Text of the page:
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The LiederNet Archive

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Songs of Love and Music

Word count: 396

Song Cycle by Irwin Spector (b. 1916)

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?. At that hour when all things have repose [ sung text not yet checked against a primary source]

Language: English

Translation(s): FRE

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Available translations, adaptations or excerpts, and transliterations (if applicable):

  • FRE French (Français) (Guy Laffaille) , copyright © 2009, (re)printed on this website with kind permission


At that hour when all things have repose,
    O lonely watcher of the skies, 
    Do you hear the night wind and the sighs 
Of harps playing unto Love to unclose
    The pale gates of sunrise?

When all things repose, do you alone
    Awake to hear the sweet harps play 
    To Love before him on his way, 
And the night wind answering in antiphon
    Till night is overgone?

Play on, invisible harps, unto Love,
    Whose way in heaven is aglow 
    At that hour when soft lights come and go, 
Soft sweet music in the air above
    And in the earth below.


Submitted by Emily Ezust [Administrator]

?. Strings in the earth and air [ sung text not yet checked against a primary source]

Language: English

Translation(s): FRE HUN POL

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Available translations, adaptations or excerpts, and transliterations (if applicable):

  • FRE French (Français) (Guy Laffaille) , copyright © 2009, (re)printed on this website with kind permission


Strings in the earth and air 
  Make music sweet; 
Strings by the river where 
  The willows meet. 

There's music along the river 
  [For Love wanders there,]1
Pale [flowers]1 on his mantle, 
  Dark leaves on his hair. 

All softly playing, 
  With head to [the]3 music bent, 
And fingers straying 
  Upon an instrument.


View original text (without footnotes)
1 not set by Berio.
2 Coulthard: "flow'rs"
3 omitted by Coulthard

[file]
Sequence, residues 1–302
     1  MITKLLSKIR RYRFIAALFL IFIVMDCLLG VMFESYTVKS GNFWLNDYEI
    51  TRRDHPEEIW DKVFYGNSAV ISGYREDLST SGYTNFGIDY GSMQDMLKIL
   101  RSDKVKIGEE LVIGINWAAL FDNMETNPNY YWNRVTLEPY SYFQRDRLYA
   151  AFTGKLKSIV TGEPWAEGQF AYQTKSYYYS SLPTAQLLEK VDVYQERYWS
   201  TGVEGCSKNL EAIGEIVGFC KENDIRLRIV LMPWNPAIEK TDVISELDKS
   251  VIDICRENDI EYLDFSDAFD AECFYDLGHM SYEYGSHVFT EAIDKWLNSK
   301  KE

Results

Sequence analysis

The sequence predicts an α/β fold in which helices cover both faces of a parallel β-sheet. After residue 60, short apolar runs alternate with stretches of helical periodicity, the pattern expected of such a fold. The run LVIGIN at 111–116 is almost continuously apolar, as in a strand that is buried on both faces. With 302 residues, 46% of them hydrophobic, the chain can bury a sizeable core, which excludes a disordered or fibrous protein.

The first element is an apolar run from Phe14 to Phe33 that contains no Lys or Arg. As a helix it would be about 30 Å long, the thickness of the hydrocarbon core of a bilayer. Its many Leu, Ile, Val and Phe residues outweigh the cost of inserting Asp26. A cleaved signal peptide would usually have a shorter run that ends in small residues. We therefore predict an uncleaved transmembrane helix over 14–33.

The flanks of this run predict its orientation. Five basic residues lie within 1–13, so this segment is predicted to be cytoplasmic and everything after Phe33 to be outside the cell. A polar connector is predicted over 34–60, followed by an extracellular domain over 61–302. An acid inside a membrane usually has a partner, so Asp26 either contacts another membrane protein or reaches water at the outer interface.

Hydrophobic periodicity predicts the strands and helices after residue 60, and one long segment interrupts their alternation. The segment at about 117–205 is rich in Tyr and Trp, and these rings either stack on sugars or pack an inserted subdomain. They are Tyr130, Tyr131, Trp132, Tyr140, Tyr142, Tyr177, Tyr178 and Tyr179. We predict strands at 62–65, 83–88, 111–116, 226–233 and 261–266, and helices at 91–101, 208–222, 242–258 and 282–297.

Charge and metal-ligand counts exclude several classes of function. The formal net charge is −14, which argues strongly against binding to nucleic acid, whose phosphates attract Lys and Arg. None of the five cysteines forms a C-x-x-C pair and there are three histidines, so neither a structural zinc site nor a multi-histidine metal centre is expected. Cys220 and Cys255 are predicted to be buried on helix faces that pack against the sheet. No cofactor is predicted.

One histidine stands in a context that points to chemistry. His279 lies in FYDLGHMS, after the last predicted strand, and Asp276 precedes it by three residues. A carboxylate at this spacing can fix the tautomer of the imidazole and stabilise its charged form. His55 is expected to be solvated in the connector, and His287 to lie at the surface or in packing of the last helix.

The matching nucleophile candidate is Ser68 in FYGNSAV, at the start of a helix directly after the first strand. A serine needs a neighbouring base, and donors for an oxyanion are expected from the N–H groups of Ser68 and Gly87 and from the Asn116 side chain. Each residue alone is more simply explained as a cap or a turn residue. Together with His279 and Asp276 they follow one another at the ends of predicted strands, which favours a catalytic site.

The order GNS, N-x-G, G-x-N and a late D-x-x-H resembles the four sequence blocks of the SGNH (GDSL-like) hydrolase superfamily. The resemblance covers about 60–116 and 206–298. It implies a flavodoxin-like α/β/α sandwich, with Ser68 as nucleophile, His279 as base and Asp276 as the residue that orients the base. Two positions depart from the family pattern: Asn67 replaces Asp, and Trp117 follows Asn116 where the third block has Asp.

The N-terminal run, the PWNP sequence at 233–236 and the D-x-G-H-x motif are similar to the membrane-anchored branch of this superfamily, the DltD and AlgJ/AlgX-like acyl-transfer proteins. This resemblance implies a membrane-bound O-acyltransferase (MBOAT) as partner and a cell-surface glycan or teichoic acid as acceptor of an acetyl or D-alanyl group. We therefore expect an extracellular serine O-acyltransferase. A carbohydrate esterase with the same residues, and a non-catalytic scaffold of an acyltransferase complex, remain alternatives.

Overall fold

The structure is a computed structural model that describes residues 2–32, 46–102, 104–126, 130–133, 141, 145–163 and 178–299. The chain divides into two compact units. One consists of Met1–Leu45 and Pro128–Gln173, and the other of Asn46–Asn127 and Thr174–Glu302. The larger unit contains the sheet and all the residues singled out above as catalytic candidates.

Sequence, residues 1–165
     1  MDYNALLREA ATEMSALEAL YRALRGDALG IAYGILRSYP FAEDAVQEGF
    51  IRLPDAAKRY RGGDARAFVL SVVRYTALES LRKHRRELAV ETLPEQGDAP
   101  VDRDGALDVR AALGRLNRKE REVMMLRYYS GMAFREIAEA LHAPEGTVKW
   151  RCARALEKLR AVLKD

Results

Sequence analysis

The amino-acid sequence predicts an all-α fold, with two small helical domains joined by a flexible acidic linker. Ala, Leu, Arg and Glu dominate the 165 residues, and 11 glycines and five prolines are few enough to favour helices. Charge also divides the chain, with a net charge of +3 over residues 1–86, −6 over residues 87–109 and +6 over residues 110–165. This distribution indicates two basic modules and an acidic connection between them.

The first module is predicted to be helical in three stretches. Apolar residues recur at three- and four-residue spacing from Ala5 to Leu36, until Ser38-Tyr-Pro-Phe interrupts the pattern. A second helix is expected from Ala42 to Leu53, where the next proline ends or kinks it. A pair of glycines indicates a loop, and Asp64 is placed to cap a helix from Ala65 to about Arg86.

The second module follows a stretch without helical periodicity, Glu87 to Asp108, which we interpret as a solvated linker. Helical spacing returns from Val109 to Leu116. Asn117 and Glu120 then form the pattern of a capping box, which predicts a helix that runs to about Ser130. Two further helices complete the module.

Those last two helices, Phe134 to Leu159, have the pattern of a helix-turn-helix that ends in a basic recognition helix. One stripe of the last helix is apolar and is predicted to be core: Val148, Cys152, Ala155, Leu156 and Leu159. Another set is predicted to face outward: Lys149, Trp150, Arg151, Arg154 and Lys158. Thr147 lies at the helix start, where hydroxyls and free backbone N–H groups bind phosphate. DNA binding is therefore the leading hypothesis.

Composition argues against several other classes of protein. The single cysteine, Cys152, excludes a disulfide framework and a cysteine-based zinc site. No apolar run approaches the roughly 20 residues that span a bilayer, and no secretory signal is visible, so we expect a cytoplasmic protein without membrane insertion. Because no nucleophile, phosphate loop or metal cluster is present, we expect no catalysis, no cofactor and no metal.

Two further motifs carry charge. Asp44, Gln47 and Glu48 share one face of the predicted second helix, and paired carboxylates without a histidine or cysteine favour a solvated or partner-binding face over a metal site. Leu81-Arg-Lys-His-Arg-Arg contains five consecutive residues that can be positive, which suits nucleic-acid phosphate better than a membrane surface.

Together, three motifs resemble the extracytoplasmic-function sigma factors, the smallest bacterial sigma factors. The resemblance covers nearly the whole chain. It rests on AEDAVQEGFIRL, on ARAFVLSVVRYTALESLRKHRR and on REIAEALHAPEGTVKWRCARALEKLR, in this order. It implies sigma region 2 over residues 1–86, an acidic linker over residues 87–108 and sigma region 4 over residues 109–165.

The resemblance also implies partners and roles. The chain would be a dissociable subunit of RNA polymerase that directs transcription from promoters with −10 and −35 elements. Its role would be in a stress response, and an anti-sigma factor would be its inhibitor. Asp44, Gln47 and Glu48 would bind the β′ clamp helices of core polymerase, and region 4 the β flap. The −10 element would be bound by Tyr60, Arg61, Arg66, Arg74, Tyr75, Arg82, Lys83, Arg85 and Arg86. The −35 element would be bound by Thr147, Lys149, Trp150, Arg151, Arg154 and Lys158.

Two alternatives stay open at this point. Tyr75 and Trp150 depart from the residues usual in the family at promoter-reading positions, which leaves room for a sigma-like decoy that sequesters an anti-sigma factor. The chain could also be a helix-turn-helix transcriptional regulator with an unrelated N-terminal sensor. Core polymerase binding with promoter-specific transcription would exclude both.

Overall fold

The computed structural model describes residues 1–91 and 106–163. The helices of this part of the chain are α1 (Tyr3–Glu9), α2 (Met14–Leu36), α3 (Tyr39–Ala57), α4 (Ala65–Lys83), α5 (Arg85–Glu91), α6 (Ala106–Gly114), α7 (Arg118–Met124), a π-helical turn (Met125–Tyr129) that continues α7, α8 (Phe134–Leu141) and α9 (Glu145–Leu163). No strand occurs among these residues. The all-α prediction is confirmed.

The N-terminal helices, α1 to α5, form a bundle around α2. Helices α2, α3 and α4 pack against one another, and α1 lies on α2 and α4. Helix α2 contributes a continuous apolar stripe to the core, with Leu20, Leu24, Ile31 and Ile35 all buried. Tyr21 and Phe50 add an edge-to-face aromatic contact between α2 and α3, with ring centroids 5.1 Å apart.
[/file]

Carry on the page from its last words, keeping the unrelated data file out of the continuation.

Submitted by Emily Ezust [Administrator]

?. My dove, my beautiful one [ sung text not yet checked against a primary source]

Language: English

Translation(s): FRE POL

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Available translations, adaptations or excerpts, and transliterations (if applicable):

  • FRE French (Français) (Guy Laffaille) , copyright © 2009, (re)printed on this website with kind permission


My dove, my beautiful one, 
  Arise, arise! 
  The night-dew lies 
Upon my lips and eyes. 

The odorous winds are weaving 
  A music of sighs: 
  Arise, arise, 
My dove, my beautiful one! 

I wait by the cedar tree, 
  My sister, my love. 
  White breast of the dove, 
My breast shall be your bed. 

The pale dew lies 
  Like a veil on my head. 
  My fair one, my fair dove, 
Arise, arise!1


View original text (without footnotes)
1 Szymanowski adds "My dove, my beautiful one!"

Submitted by Emily Ezust [Administrator]

?. Lean out of the window [ sung text not yet checked against a primary source]

Language: English

Translation(s): FRE IRI POL

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Available translations, adaptations or excerpts, and transliterations (if applicable):

  • FRE French (Français) (Guy Laffaille) , copyright © 2009, (re)printed on this website with kind permission
  • IRI Irish (Gaelic) [singable] (Gabriel Rosenstock) , copyright © 2014, (re)printed on this website with kind permission


Lean out of the window,
  Goldenhair,
I heard you singing
  A merry air.

My book is closed;
  I read no more,
Watching the fire dance
  On the floor.

I have left my book,
  I have left my room,
For I heard you singing
  Through the gloom,

Singing and singing
  A merry air.
Lean out of the window,
  Goldenhair.


Submitted by Ted Perry

?. Now, O now, in this brown land [ sung text not yet checked against a primary source]

Language: English

Translation(s): FRE

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Available translations, adaptations or excerpts, and transliterations (if applicable):

  • FRE French (Français) (Guy Laffaille) , copyright © 2009, (re)printed on this website with kind permission


Now, O now, in this brown land
    Where Love did so sweet music make 
We two shall wander, hand in hand,
    Forbearing for old friendship' sake, 
Nor grieve because our love was gay
Which now is ended in this way.

A rogue in red and yellow dress
    Is knocking, knocking at the tree; 
And all around our loneliness
    The wind is whistling merrily. 
The leaves -- - they do not sigh at all
When the year takes them in the fall.

Now, O now, we hear no more
    The vilanelle and roundelay! 
Yet will we kiss, sweetheart, before
    We take sad leave at close of day. 
Grieve not, sweetheart, for anything -- -
The year, the year is gathering.


Submitted by Emily Ezust [Administrator]

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